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The Family Man: Episode 20

May 19, 2019 4 min read

The Family Man: Episode 20

The Deadworld is a prison. However, people tend to misunderstand those moments when it seems to defy its most hideous, despicable features. Forests, by way of example, are often romanticized for their beauty; but they are merely cracks in the dirty prison walls that keep us from the dream we came from, and exist as nothing more than fleeting reminders—symbols—for our freedoms lost beyond all this dying flesh. Granted, a dark forest is one of the thinner barriers separating us from whence we came (and thus why some confuse it for the thing it imprisons), but a barrier nonetheless. Obviously the same can be said for basements filled with the moldering dead, attics containing chests stuffed with burned toys and faded photographs, forgotten graveyards steeped in twilight, mysterious holes burrowed impossibly deep into the earth, haunted houses made from Palewood trees and all the other places where the night endures beyond the day. Undoubtedly, all these prisons contain occupants vigorously testing the locks to their cells, but to my knowledge none have ever escaped. (I can’t remember a single thing that happened during the Great Darkness, so I could be wrong on this point.) This isn't to suggest that the Deadworld is without limits. Its prison walls can be scaled, even demolished, as was demonstrated by New Victoria. However, the relevant distinction between New Victoria and the dreams that strain behind even the darkest environs is that New Victoria was never a prisoner of the Deadworld. As strange as it sounds, the nightmare metropolis actually chose to invade this wretched world.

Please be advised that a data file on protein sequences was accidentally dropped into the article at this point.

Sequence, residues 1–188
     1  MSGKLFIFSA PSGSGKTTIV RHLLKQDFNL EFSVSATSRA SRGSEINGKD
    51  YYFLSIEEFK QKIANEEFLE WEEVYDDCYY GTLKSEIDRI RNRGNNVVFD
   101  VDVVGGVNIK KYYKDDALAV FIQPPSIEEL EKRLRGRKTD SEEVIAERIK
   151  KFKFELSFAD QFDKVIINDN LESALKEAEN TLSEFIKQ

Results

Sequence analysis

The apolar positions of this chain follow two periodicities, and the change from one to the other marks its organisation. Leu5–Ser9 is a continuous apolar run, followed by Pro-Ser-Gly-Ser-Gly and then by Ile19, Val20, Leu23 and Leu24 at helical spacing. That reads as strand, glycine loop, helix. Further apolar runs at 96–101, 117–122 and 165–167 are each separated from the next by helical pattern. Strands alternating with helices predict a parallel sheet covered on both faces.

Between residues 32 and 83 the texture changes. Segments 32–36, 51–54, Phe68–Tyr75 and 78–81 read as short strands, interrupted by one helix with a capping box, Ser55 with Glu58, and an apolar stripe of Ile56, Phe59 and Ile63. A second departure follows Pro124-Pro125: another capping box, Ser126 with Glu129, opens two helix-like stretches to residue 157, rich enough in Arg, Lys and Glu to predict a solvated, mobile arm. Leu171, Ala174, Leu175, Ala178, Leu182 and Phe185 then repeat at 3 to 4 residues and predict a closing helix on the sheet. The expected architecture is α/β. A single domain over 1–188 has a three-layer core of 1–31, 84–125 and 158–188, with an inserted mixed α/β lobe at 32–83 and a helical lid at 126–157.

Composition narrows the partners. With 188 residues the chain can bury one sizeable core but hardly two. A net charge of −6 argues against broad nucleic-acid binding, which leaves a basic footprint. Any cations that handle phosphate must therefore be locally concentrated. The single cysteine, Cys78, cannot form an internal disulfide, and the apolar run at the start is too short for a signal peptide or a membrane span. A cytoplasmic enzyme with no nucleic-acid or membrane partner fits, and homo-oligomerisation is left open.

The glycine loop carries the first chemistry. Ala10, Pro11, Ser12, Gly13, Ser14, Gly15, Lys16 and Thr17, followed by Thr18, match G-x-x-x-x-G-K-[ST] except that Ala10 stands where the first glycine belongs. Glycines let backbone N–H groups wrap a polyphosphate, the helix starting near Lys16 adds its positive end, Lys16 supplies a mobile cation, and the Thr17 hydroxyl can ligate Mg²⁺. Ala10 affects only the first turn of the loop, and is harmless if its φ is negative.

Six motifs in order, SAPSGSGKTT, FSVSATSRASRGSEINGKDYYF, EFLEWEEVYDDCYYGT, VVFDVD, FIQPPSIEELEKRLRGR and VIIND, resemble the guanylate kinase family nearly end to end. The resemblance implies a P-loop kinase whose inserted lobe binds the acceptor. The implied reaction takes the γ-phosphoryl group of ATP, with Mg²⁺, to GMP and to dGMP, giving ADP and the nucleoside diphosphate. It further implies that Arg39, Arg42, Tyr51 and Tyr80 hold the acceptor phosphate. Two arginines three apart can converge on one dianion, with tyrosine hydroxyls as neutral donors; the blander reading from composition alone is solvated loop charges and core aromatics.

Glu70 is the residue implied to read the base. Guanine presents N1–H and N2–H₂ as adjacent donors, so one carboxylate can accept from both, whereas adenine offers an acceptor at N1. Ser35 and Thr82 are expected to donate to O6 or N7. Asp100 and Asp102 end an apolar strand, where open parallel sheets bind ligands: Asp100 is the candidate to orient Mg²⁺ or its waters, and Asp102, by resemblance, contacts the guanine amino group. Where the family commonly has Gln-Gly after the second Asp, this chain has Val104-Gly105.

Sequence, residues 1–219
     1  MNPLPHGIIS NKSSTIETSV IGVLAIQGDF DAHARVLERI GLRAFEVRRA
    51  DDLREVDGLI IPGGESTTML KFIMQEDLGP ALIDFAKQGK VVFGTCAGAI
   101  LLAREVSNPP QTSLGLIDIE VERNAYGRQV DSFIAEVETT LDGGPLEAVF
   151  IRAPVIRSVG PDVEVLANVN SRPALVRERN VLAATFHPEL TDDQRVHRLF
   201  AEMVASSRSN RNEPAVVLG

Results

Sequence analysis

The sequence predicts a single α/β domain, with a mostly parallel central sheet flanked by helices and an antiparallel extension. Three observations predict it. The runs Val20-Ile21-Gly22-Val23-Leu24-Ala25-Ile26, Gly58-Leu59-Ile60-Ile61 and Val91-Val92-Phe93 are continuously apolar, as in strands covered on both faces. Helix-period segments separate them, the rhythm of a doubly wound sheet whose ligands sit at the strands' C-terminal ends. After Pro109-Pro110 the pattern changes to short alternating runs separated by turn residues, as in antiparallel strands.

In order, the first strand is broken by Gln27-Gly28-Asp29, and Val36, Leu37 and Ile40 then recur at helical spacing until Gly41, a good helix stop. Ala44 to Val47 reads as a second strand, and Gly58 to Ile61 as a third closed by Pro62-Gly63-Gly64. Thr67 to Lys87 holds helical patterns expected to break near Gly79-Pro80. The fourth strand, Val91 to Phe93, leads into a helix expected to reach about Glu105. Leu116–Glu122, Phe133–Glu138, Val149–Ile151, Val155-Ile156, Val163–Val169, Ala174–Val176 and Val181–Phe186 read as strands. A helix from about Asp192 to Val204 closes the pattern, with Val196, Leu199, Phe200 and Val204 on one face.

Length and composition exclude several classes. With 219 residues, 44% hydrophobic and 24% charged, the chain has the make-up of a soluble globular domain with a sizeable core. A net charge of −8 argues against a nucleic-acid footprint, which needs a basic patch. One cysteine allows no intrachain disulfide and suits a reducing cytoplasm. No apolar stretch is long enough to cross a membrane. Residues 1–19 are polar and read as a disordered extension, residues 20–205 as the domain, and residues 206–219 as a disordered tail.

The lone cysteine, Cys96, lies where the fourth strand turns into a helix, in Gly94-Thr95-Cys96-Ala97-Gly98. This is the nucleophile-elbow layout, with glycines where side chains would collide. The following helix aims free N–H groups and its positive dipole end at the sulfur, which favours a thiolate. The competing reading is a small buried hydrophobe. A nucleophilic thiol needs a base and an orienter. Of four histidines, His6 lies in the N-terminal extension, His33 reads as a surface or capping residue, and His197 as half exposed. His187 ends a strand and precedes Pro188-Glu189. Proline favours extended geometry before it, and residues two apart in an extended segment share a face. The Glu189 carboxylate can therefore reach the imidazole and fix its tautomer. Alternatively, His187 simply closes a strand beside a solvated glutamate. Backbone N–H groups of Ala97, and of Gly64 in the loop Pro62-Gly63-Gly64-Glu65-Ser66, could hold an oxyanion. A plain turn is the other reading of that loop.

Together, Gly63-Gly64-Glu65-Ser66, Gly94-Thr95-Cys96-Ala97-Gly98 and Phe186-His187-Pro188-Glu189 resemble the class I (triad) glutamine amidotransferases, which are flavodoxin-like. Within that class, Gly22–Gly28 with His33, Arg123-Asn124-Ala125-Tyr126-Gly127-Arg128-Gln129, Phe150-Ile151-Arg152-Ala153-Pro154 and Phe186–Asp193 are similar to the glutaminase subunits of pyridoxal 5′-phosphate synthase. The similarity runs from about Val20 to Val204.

As we approached the city, the ruined flesh of the Deadworld was already peeling back, exposing overturned military vehicles filled with old bones and crusted blood, mass graveyards, sour winds stitched together from countless last breaths, and wandering patches of strange sweet-smelling twilight—the Deadworld was hemorrhaging nightmare. Here was no symbol for dream, only dream itself, open and free. Yet for all of that, New Victoria was no refuge for mankind.

            “I can’t friggin’ believe you really want ta be here,” said the man who had just recently failed to kill me for the second time.

            “I have need to be here, and despite everything I know—I want to be here. These things are clearly not our dreams, and must be nothing but the predatory nightmares of things that dwell beyond the shallows of human sleep. However, regardless of their malevolence, beauty is beauty.” Strangely, I found myself enjoying my conversation with Mr. Grimes. Words are so often nothing more than thoughts hidden behind masks of noise, but when speaking with the killer, I found my words pleasingly free of disguise.

            “Uh, yeah…well, because of you I have to be here, and I sure as hell wouldn’t come ta this freakin’ place if I wasn’t bein’ forced. You gotta be crazy if you think there’s anything beautiful about this freak-zone.”